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Setting the Context, Goals, Obligations and Commitments for a Course

Vincent S. Cronin, Baylor University

Summary

THIS IS A WORK IN PROGRESS. This activity is a way to begin a course with reflection by students about their extraordinary good fortune in being able to take advantage of higher education. Students are asked to define their obligations, course goals, and commitments to work and integrity during the course. The student activities include two homework exercises assigned in sequence at the beginning of a course. In-class discussion held after the assignments are completed and the responses are reviewed by the teacher will hopefully establish some shared community ideas of ethical norms in the course.

Context


Audience:
This activity is perhaps most appropriate for students who are just beginning their college career, but it is useful to reiterate the activity in any class with majors or non-majors.

Class size: More than 50 students

Skills and concepts that students must have mastered
Students need to be able to seek, find and critically evaluate information on the web. Students also need to be willing or able to reflect on brief descriptive statements and write a thoughtful, honest and coherent response to a question.

How the activity is situated in the course
This activity consists of two homework activities, followed by some classroom discussion. The first homework activity is assigned either before (by email) or during the first lecture class, and the second is assigned after the first homework activity is submitted. After all results are submitted and reviewed by the teacher, a discussion should follow that is guided by questions arising from the homework responses.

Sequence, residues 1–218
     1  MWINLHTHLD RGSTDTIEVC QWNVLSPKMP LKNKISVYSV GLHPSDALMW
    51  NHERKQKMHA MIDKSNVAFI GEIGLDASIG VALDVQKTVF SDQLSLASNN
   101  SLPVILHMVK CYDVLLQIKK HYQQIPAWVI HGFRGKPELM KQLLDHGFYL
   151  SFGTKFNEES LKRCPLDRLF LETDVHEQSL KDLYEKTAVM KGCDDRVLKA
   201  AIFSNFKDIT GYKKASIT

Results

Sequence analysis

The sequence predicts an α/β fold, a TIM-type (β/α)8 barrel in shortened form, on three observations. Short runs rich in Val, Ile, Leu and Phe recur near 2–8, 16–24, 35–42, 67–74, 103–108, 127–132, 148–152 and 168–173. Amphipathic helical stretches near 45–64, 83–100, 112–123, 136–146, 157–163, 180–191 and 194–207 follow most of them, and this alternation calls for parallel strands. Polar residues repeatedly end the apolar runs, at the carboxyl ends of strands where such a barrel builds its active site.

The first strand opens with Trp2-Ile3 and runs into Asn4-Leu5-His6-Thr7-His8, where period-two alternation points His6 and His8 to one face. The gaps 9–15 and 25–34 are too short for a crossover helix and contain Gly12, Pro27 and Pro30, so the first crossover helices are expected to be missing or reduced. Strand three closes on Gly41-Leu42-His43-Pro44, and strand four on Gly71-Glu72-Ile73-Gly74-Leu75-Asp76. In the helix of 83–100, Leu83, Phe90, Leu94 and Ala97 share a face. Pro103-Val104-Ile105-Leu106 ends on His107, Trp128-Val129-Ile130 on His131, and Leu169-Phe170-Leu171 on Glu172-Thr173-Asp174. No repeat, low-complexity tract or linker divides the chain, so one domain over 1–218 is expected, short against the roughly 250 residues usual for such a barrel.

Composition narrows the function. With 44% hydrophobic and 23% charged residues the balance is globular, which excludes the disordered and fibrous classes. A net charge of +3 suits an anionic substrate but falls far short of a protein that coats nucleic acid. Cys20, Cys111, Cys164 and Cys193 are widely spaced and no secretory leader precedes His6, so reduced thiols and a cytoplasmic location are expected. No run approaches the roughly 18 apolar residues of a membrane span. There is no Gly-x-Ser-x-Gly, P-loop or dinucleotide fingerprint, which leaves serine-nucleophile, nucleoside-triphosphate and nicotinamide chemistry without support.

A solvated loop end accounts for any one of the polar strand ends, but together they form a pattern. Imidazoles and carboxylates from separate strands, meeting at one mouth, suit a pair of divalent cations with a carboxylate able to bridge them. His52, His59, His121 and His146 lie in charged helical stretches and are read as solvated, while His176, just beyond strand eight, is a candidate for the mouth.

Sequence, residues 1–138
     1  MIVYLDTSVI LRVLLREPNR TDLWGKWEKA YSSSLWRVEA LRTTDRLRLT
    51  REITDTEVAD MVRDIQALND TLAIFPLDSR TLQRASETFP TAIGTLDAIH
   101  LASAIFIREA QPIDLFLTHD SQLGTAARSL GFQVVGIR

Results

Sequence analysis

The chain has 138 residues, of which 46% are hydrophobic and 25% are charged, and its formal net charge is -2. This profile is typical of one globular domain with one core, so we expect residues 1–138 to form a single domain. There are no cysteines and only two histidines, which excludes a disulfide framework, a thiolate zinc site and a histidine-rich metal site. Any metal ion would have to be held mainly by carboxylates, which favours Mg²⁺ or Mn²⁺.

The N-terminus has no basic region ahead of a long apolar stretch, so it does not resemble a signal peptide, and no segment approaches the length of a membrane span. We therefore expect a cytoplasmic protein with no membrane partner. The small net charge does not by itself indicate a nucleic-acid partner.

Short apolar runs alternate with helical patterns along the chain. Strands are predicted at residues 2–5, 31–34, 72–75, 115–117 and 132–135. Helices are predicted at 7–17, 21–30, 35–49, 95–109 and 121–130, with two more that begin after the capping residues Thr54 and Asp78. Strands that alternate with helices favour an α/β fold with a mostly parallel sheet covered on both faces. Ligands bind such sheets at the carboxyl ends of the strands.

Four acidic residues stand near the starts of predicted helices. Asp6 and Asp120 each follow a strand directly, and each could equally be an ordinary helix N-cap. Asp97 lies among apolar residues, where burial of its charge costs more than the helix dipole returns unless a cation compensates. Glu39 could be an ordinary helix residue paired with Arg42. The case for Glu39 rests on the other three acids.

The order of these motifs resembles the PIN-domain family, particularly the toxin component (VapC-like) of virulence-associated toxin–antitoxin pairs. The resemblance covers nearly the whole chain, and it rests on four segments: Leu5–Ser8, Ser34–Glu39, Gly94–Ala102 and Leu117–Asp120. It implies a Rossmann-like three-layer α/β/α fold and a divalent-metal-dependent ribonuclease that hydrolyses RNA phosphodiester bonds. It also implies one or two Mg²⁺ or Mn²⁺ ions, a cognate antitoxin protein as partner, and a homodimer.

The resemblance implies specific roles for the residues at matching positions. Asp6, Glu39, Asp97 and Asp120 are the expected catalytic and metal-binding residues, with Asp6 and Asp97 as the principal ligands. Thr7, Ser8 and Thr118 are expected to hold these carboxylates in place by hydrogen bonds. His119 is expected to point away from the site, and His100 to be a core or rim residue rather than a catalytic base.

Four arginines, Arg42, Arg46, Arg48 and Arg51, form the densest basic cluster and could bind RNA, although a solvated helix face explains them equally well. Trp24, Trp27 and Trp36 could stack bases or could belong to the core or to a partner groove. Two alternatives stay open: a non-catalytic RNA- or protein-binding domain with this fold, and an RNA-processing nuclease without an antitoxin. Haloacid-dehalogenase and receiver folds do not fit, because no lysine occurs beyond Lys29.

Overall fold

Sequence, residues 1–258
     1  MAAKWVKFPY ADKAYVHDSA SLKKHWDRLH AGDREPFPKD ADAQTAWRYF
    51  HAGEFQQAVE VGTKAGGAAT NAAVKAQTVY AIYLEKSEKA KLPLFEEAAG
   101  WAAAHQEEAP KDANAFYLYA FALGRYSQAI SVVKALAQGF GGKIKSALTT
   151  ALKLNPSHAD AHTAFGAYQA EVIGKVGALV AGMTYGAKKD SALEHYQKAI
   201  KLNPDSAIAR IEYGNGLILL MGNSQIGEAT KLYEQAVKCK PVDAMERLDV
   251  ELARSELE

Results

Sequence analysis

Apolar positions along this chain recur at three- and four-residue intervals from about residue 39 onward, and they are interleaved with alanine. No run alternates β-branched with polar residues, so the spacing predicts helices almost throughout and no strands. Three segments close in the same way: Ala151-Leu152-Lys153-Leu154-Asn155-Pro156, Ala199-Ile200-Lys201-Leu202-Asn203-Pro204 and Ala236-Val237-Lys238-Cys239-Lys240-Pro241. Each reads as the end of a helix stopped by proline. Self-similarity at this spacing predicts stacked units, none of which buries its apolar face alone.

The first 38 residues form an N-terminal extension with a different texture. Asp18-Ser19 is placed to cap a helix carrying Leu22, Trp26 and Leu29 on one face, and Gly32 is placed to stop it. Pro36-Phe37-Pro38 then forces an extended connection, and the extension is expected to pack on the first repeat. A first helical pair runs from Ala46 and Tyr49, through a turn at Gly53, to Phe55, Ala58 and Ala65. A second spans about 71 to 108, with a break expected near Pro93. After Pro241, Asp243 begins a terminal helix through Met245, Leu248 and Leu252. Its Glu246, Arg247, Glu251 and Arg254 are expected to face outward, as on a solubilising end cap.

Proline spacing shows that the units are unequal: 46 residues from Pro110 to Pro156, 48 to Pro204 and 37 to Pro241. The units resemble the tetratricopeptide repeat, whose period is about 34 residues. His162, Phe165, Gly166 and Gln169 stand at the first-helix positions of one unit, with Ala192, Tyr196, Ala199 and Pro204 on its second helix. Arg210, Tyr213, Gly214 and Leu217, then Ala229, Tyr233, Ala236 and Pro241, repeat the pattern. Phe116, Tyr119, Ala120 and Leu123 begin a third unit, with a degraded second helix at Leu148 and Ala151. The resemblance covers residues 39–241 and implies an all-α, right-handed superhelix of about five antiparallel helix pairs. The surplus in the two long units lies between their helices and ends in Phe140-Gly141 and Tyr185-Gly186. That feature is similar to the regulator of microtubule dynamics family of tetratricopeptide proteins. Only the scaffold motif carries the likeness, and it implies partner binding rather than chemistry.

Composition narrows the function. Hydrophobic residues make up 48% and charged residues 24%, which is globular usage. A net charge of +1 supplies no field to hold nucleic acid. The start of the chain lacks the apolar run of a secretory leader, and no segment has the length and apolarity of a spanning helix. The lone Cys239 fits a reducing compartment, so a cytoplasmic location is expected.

Goals

Content/concepts goals for this activity
The overall goal of this activity is to have students think about how fortunate they are to have access to higher education, to have them define any corresponding obligations they recognize, to articulate some goals, and to make some self-defined commitments that will (hopefully) result in a better educational outcome in the course.

Higher order thinking skills goals for this activity
The homework exercises are intended to cause students to think about several important issues related to their participation in the course. Students are asked to frame their own statements of obligation and commitment relative to these issues.

Other skills goals for this activity

Ethical Principles Addressed in this Exercise

This pair of homework exercises and the subsequent classroom discussion touch on issues of obligation, commitment, stewardship of resources, recognition of communities of stakeholders, integrity, cheating, and full utilization of educational opportunities.

Description and Teaching Materials

The motivation for this activity is a set of common observations by undergraduate teachers about students who do not seem to be taking full advantage of the opportunity to learn. The goal is to have students confront a series of issues that might lead them to short-circuit their educational experience in a course, and to have them commit to several more constructive approaches to learning.